Shaman, Bless This Lab

How to cross the cultural divide when working overseas

PHOTO: Royalty-Free/Corbis

Ah, globalization. What seems charming and exotic in the pages of National Geographic becomes downright maddening when you’re trying to get business done on deadline, while navigating the seemingly bizarre customs and social rituals of a foreign location.

Whether you’re an American project manager working in Shanghai, a German engineer on contract in the Middle East, or an Indian software developer trying to make it in Paris, the ability to work across cultures is becoming as important as engineering prowess—particularly as high-tech firms open more and more overseas facilities, engage in multinational projects, and outsource to companies in still other countries. Not to mention that, for engineers moving into management positions, overseas postings are often key to ascending corporate ladders. The most successful will be those who can most readily adjust to local business norms.

Accepted practices in one country are sometimes taboo or irritating in another. America’s ”time is money, so what can we get done today” expediency is at logger­heads with the more circuitous Latin, Asian, and Middle Eastern dance of engaging prospective business partners over lengthy meals and conversation. The Western concept of using contracts to establish cast-iron rules for every possible future scenario is absurd to Asians. In their view, contracts are merely a sign that you can now do business together, which itself is an ongoing process of give and take. Excessive drinking is a sign of weakness in America—but of mettle in Japan. Asking someone’s age is a no-no in the West, but a way of determining social hierarchy in the East.

Some customs are so downright disorienting that you just have to give up and go with the flow. When Los Angeles–based Michael Blum was sent to oversee the design and programming of a new television studio in Singapore, Blum never dreamed his job duties would include hiring a Hindu priest and a local shaman to bless the building before people felt comfortable working there.

Universities have begun taking notice of the trend toward globalization and the difficulties that can arise when working in a foreign environment. Many now offer degrees in international engineering, as well as trips abroad designed to help technology students bridge cultural gaps. But businesses are lagging behind. Several consultants I spoke with note that many high-tech companies need to be more aggressive in such training, while others question the wisdom of a new corporate trend in coping with culture shock: setting up isolated expatriate communities that leave little room for day-to-day interaction with locals.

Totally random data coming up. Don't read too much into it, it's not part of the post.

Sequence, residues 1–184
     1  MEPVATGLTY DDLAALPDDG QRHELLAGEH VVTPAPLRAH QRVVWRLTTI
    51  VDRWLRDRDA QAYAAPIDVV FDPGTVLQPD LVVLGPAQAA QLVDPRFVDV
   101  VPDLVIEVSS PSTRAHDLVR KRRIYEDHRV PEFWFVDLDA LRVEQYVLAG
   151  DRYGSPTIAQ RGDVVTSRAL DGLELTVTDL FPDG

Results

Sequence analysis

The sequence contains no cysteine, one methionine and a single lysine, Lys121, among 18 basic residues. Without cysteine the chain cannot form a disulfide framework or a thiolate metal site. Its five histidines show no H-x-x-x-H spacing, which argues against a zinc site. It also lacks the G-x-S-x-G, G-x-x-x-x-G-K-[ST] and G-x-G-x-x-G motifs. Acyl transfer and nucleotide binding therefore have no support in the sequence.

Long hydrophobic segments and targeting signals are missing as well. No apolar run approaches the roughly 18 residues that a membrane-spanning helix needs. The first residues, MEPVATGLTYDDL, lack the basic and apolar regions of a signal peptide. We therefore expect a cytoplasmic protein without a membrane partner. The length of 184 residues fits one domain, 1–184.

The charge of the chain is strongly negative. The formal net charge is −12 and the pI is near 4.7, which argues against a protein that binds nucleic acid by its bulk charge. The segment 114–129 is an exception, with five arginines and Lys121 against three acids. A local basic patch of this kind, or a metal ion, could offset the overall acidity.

”The biggest challenge to those working internationally is one of awareness of cultural differences—and understanding them without judgment,” says Mary Teagarden, professor of global management at Thunderbird, The Garvin School of International Management, in Glendale, Ariz., and a contributor to the book Expatriate Management: New Ideas for International Business (Quorum Books, 1995).

”That’s why many people who work in high-tech fields get into trouble,” Teagarden says. ”Engineers are not only trained to make judgments but, by nature, tend to be decisive people who come to the point quickly and defend their positions. Cross-cultural understanding demands the opposite.”

Another consultant, Loren Shure, a U.S. software designer with The MathWorks, in Natick, Mass., successfully sought out common ground in presentations to audiences abroad. She honed her skills during a six-month stint in Sweden and on other business trips to England, Australia, Taiwan, South Korea, Singapore, and China.

”In engineering circles, no matter where you are in the world, people are very passionate about their preferred operating systems,” Shure says. ”So I sometimes started a presentation by saying, ’How many people use Linux versus Microsoft?’ I’d hear geeky giggles from the audience.”